Upstate news you may have missed

Kelli Maher (left) donated one of her kidneys in September to help someone in need, but she did not know whose life she saved until two days before Christmas. That’s when she met Cecilia Brown, 8, a girl from Ilion who suffered from double renal failure. Their transplant was one of the 109 performed by surgeons at Upstate in 2016, more than triple the number of transplants that took place in 2010. (PHOTO BY WILLIAM MUELLER)

Researcher seeks drug to fight painful condition

An Upstate researcher is testing drugs to treat shingles, a painful skin rash caused by the varicella zoster virus. Jennifer Moffat, PhD, is working with a Connecticut company called NanoViricides to find an antiviral drug that’s safe and effective for clinical trials. “Using nanoparticles to target viruses is an innovative approach, and we’re eager to collaborate on this project,” said Moffat, an associate professor of microbiology and immunology.

For a podcast/radio interview with Moffat about shingles and her work, click here.

Total knee replacement has robotic assistance

Robert Sherman, MD, performed the region’s first total knee replacement using the Mako robotic-assisted surgery system, in February. His patient was discharged to home rehabilitation two days after surgery. The surgeon-controlled robotic-arm system allows for more precise alignment and positioning of implants to achieve greater accuracy than through conventional surgery. “More precise alignment of the implant means less wear and tear, less initial pain and greater lifespan of the implant,” Sherman said. Upstate has used the Mako system for partial knee and hip replacements since late 2014, but the Food and Drug Administration only recently approved the system for total knee replacements.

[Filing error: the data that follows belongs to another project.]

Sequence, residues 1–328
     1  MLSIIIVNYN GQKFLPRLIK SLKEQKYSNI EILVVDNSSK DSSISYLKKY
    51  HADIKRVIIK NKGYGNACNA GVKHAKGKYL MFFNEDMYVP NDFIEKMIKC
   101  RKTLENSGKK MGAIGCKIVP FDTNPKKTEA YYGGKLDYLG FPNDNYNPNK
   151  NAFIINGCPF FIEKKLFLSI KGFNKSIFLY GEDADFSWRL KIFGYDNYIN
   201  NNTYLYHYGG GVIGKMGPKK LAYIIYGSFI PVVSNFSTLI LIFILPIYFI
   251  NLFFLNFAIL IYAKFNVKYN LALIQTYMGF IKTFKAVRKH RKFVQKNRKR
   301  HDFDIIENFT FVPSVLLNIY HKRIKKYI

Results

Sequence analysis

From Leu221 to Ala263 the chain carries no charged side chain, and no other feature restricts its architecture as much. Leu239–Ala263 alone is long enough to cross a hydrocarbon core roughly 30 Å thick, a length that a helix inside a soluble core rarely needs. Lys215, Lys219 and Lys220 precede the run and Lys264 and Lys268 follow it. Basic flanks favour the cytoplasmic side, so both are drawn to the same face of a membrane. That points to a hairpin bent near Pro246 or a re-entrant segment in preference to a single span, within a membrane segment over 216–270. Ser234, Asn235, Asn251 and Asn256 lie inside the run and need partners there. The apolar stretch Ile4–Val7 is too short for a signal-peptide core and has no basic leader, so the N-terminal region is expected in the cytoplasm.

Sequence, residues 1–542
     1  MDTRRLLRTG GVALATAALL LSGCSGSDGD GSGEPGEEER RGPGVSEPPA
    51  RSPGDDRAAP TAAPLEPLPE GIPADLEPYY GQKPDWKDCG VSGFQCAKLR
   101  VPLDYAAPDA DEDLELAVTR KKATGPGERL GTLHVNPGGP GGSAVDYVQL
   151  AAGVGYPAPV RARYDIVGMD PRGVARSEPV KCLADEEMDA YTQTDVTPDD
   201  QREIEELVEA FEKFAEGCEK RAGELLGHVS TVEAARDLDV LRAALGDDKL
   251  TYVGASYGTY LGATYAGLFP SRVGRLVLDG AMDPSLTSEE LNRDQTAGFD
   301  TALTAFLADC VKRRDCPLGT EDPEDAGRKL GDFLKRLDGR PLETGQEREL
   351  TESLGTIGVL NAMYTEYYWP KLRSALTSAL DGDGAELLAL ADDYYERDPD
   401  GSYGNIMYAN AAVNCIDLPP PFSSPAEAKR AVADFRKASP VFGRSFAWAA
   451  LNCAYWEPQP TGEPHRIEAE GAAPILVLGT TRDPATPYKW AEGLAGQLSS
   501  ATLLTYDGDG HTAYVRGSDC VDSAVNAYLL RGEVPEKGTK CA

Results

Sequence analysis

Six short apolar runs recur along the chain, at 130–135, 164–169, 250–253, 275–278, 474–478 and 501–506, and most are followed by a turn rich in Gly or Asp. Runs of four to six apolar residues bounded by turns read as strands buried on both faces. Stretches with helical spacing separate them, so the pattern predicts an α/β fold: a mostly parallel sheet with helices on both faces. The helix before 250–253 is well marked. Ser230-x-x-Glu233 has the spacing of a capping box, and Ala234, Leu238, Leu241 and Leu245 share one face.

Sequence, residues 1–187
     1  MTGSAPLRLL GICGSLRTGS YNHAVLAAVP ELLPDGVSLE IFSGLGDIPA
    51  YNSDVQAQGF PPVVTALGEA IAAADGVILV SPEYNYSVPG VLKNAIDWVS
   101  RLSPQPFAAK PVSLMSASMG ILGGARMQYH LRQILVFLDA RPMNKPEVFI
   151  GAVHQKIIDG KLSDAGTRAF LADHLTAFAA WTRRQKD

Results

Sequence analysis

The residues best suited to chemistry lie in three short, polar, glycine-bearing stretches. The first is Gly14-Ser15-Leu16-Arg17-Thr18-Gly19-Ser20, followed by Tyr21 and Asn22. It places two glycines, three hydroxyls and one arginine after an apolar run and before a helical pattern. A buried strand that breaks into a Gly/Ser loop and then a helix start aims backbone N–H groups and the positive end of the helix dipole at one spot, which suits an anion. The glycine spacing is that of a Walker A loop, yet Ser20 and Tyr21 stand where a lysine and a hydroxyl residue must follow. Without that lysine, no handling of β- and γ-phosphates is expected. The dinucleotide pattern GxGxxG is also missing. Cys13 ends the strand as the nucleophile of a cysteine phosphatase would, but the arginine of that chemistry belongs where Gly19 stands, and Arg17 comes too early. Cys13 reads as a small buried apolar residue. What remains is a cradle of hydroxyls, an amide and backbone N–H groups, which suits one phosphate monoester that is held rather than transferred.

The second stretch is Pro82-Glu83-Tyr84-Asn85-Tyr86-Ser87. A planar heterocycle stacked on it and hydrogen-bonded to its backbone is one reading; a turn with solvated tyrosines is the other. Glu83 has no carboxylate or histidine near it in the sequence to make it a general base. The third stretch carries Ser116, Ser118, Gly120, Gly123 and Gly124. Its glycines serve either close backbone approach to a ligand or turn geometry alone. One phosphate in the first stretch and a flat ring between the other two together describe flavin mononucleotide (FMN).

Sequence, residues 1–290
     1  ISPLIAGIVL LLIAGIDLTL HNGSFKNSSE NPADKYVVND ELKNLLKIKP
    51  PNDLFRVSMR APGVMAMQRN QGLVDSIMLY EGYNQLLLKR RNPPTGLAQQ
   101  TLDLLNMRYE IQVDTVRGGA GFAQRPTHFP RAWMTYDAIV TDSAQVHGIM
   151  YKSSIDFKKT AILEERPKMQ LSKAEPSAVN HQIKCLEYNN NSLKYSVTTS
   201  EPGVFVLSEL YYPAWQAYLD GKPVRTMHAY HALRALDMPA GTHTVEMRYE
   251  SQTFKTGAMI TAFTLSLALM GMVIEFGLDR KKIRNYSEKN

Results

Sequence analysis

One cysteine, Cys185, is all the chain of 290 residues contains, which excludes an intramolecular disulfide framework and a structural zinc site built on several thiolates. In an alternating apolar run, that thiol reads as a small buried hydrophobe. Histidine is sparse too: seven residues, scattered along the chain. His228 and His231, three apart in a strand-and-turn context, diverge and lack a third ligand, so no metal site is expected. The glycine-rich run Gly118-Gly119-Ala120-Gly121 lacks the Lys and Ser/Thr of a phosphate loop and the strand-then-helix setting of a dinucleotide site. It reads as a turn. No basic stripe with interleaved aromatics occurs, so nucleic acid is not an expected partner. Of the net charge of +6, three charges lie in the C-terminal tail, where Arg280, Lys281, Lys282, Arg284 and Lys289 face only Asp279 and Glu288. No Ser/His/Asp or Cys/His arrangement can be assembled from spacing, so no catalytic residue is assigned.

Upstate recognized by 2 national organizations

— The national ALS Association and its Upstate New York chapter certified Upstate’s ALS Research and Treatment Center as a Treatment Center of Excellence. This signifies that the center exhibits the highest levels of established national standards of care in the management of amyotrophic lateral sclerosis, also known as Lou Gehrig’s disease. In addition, the national association and local chapter both awarded separate grants of $25,000 each to benefit patient care. Upstate treats nearly 185 patients with ALS from throughout Central New York.

— Upstate was named a National Pancreas Foundation Center for Care and Treatment of Pancreas Disease, one of only 37 medical institutions nationwide and the only one in New York outside of New York City.

State awards HIV grant

The state Department of Health awarded Upstate a five-year $1 million grant to support Upstate’s newly created program to keep vulnerable populations free of HIV, the virus that causes AIDS.

Charity run makes donation to fight childhood cancer

Chris Arnold, Ellen Yeomans and members of the Paige’s Butterfly Run Committee presented a check early this year for $232,000, money raised from the 2016 run named in honor of their daughter, Paige Yeomans Arnold.

Paige’s Butterfly Run has raised more than $2.5 million in 20 years to support pediatric cancer research and patient and family services at the Waters Center for Children’s Cancer and Blood Disorders at the Upstate Cancer Center and Upstate Golisano Children’s Hospital.   The money goes into a permanent endowment established with the Upstate Foundation.

This year’s run is June 3 in downtown Syracuse. Learn more about it here.

This article appears in the spring 2017 issue of Upstate Health magazine

This entry was posted in bones/joints/orthopedics, brain/neurology, cancer, health care, infectious disease, kidney/renal/nephrology, organ donation/transplant, research, Upstate Golisano Children's Hospital/pediatrics and tagged , , , , , , , , . Bookmark the permalink.